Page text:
Though light has been shown to act as an attractive cue while directly impinging on the growth cone (with specific irradiation schedules), we have utilized an at-a-distance effect using a weakly-focused NIR light source which we currently believe to be photothermal28,29. For loop-formation reported here, axons advancing at a growth rate of > 20 μm/hr were randomly selected. Further, the laser spot is not only applied at a transverse distance (2–8 μm) from the growth cone (GC), but the low NA lens (0.5 NA, 20× microscope objective) is at an axial distance of ~3 mm. Nevertheless, this should not be interpreted as representing the maximum depth limit that is likely to be employable for future applications. No special efforts were taken to tightly focus the laser beam at the sample plane. In Fig. 1a, we show the schematic of the optical guidance set up, with cortical neurons placed inside the environmental chamber, providing temperature and CO2 control. Fig. 1b shows an example of laser assisted navigation of rat cortical neurons. The left panel in Fig. 1b shows images of a typical axon before and after a single laser spot has been positioned asymmetrically in front of the GC (position marked by red circle). The time-lapse overlay of the axonal shaft during ‘right’ turn (away from the laser spot) is shown in the right panel (Fig. 1b). Suppl. Movie 1 shows an image sequence of a single-stage optical guidance event. Turning angle of > 20° within first 20 minute of interaction with a static laser beam was considered as a successful guidance event. During axonal growth, the filopodia are known to explore the environment and shows dynamic movement (including tilting). Due to the photothermal repulsion, the growth cone of the axon was seen to avoid the laser spot. Though GC is on a 2D surface, it was found that the GC not only turns away from the laser spot, but also gets detached from the surface and has 3D motion (including flipping). Suppl. Movie 2 shows a representative flipping dynamics of a GC (observed with higher temporal resolution) in response to repulsive light-cue. In Suppl. Fig. 2, we show two sets (A & B) of time-lapse sequences of the axonal GC flipping events. The three-dimensional flipping (tilting about X-axis: pitch, and tilting about Y-axis: yaw) of the two-dimensional GC structure has been depicted in different in Suppl. Fig. 2C. It is important to note the relative position of the point of growth cone emergence from the axonal shaft (i.e. apex of the model structure) with respect to the tip of filopodia along with its orientation (pitch and yaw). In order to describe the dynamics of this flipping process, the value of θ and ϕ with respect to the apex (as origin) was estimated by measuring the projection of the GC shape onto the observation (XY) plane as detailed in the methods section. The inset of Suppl. Fig. 2D shows the nomenclature for orientation (flipping and turning) of GC. Suppl. Fig. 2D shows the short-term kinetics (ϕ vs t) of this dynamic flipping process of the GC during interaction with light-induced repulsive cue. In rare incidences, the GC was found to flip more than 90°. The GC turning kinetics (θ vs t) showed that the GC is highly dynamic and the short-term turning process during interaction with the light-induced repulsive cue is oscillatory in nature (Suppl. Fig. 2E). In both the trials, the maximum theta (refer inset in Suppl. Fig. 2D) occurred at the same time interval, i.e. same oscillation period.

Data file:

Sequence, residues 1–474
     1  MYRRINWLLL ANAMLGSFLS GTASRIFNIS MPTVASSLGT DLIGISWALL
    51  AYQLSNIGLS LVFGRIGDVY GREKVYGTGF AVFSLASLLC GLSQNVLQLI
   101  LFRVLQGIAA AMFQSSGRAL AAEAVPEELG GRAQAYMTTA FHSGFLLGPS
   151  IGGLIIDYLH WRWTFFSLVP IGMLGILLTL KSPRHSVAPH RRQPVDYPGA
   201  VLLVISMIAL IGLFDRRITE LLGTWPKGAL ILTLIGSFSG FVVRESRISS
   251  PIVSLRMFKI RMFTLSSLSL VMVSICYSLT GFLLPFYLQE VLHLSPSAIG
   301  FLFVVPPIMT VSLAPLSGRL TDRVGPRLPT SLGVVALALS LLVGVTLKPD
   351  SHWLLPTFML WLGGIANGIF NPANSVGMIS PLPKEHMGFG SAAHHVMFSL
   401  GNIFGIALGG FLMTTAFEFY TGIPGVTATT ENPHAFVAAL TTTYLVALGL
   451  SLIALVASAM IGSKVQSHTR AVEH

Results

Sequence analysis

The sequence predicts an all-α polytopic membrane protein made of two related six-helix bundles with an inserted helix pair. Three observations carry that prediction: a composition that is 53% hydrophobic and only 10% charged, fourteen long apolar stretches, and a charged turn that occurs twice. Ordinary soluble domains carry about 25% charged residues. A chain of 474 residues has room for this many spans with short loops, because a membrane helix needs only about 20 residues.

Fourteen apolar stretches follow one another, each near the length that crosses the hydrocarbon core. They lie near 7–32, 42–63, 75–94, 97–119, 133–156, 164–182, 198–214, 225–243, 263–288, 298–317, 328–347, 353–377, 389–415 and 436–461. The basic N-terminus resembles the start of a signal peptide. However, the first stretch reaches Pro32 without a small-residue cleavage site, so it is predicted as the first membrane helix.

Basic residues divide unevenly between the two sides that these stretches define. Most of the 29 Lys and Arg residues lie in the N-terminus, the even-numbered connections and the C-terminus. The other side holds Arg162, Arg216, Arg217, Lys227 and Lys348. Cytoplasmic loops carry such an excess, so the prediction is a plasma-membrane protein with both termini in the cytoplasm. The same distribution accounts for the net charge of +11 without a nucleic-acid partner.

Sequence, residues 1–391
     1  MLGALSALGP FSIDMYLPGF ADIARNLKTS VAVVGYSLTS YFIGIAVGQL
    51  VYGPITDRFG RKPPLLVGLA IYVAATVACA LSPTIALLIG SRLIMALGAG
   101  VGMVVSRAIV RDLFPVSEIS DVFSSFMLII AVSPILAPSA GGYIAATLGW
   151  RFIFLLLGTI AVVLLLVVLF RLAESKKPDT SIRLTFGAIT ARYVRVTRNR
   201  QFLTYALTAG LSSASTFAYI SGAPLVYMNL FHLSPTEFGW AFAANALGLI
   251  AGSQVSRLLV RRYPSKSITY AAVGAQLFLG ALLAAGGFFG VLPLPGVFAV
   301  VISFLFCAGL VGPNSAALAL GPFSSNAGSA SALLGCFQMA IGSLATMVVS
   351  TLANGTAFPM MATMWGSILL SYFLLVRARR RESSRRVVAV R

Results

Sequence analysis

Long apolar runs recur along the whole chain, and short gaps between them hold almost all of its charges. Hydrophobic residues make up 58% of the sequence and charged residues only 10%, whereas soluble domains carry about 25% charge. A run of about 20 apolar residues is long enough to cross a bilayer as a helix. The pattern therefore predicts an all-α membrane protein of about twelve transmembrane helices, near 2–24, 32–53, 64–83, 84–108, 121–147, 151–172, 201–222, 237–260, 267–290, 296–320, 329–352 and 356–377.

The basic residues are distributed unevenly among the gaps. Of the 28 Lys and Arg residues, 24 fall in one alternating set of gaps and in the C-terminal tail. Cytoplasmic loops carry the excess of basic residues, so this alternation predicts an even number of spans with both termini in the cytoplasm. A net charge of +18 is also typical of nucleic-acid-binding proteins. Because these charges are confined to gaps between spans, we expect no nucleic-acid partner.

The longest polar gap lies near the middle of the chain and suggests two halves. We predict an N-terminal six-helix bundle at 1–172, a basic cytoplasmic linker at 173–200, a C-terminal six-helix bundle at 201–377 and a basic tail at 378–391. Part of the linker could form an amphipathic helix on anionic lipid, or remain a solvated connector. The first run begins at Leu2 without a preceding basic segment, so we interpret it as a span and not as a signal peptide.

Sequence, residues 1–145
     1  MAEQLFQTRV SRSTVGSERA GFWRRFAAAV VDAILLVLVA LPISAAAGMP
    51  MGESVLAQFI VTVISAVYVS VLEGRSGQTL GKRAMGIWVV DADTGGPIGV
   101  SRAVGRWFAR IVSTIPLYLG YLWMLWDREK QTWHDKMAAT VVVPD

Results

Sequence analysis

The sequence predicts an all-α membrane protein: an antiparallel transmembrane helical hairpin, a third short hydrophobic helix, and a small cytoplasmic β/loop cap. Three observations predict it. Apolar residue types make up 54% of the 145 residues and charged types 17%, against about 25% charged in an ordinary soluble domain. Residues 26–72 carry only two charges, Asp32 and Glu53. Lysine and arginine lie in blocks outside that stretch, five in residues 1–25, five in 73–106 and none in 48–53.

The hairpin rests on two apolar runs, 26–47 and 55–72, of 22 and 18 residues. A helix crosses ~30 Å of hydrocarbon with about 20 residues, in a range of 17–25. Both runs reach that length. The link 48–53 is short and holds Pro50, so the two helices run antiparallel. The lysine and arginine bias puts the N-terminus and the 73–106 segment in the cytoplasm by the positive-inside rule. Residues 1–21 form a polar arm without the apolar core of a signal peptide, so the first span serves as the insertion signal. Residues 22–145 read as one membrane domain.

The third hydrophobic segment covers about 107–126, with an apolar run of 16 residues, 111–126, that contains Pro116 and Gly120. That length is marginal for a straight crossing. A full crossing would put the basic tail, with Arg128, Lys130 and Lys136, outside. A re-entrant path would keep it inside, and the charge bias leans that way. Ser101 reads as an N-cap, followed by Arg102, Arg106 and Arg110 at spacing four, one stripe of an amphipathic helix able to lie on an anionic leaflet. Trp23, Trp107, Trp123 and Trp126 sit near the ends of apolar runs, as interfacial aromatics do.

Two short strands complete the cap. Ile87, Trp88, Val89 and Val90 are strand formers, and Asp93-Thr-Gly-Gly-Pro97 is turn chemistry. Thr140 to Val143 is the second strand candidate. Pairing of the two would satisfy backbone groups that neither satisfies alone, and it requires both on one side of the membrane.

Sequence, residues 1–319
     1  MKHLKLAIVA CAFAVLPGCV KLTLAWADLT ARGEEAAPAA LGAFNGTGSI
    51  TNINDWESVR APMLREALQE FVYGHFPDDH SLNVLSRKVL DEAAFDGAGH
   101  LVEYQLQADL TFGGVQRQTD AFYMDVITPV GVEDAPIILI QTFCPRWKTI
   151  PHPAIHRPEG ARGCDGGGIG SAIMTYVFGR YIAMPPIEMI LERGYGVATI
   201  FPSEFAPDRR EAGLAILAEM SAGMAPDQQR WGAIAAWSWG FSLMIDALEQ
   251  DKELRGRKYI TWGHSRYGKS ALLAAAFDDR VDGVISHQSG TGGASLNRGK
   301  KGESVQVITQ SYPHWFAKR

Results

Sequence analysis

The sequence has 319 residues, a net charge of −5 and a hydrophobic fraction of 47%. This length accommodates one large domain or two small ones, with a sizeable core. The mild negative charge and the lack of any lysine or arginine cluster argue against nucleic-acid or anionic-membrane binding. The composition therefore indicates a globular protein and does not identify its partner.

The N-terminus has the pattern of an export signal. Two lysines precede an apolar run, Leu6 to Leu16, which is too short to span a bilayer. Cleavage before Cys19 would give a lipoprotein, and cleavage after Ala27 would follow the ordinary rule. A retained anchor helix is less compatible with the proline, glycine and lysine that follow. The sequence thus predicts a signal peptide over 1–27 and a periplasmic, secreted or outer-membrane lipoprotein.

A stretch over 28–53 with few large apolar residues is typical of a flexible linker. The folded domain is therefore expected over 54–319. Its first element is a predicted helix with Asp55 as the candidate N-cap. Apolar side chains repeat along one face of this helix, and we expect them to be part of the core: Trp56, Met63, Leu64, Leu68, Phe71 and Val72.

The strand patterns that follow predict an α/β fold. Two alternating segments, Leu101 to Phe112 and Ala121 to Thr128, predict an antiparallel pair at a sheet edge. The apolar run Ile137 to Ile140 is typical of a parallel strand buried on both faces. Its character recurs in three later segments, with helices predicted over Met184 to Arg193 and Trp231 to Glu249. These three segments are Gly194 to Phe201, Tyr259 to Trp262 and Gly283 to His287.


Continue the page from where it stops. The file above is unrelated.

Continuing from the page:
Figure 1: Laser assisted navigation of rat cortical neurons.
Figure 1

(a) Optical guidance set up with environmental chamber. (b) Left panel: image of a typical axon before and after the turn. Laser spot position is marked by red circle. Right panel: time-lapse overlay of axonal shaft turning right after interacting with the laser beam. Initial growth cone direction shown by arrow. Pseudo-color lines drawn over the axonal shaft at different time points and overlaid. In the color bar, the time-interval between colors is 2 min.

While the effectiveness of our optical guidance method at the currently reported parameters has been 100% for turning events (n = 14), we wanted to see whether or not multi-staged guidance events could repeatedly turn the GC (by dynamically repositioning the repulsive laser-cue ahead of the advancing GC) and construct an axonal loop. However, in order to avoid spurious results, we first examined whether or not such loops are randomly formed in a normal physiological in vitro environment from healthy neurons extracted from the cortical regions of wild-type rats. Though, to date, only genetic and biochemical alterations have been thought to result in aberrant axonal guidance and loop formation, to our surprise, we found random rat cortical neuron loop-formations in the culture platform, albeit at rare incidences (6 out of ~400 axonal terminals inspected in 50 random fields of views). Such loops were found to have a radius of curvature ranging from 6 to 22 μm (Suppl. Fig. 1). This observation led us to conclude that without any physical obstruction, a small, but non-negligible percentage (1.5%) of axons may form such loops in normal in vitro conditions if they are unable to find a suitable connection site within 2–9 days. This activity may not necessarily imply an aberrant process, as it could be an effective way by which neurons regulate undesirable synapse formation and optimize their connectivity. However, in order to ascertain that a loop can be formed at any selected point in space and time, we selected random advancing axons (Fig. 2a). Fig. 2b (region of interest marked by rectangle) shows an optically-guided O-loop, which was fabricated from a primary rat cortical neuron. In Fig. 2 (c to k), we show time-lapse zoomed images demonstrating construction of the optically-fabricated axonal loop by a dynamically-repositioned laser spot (marked by red circle, 60 mW, 785 nm).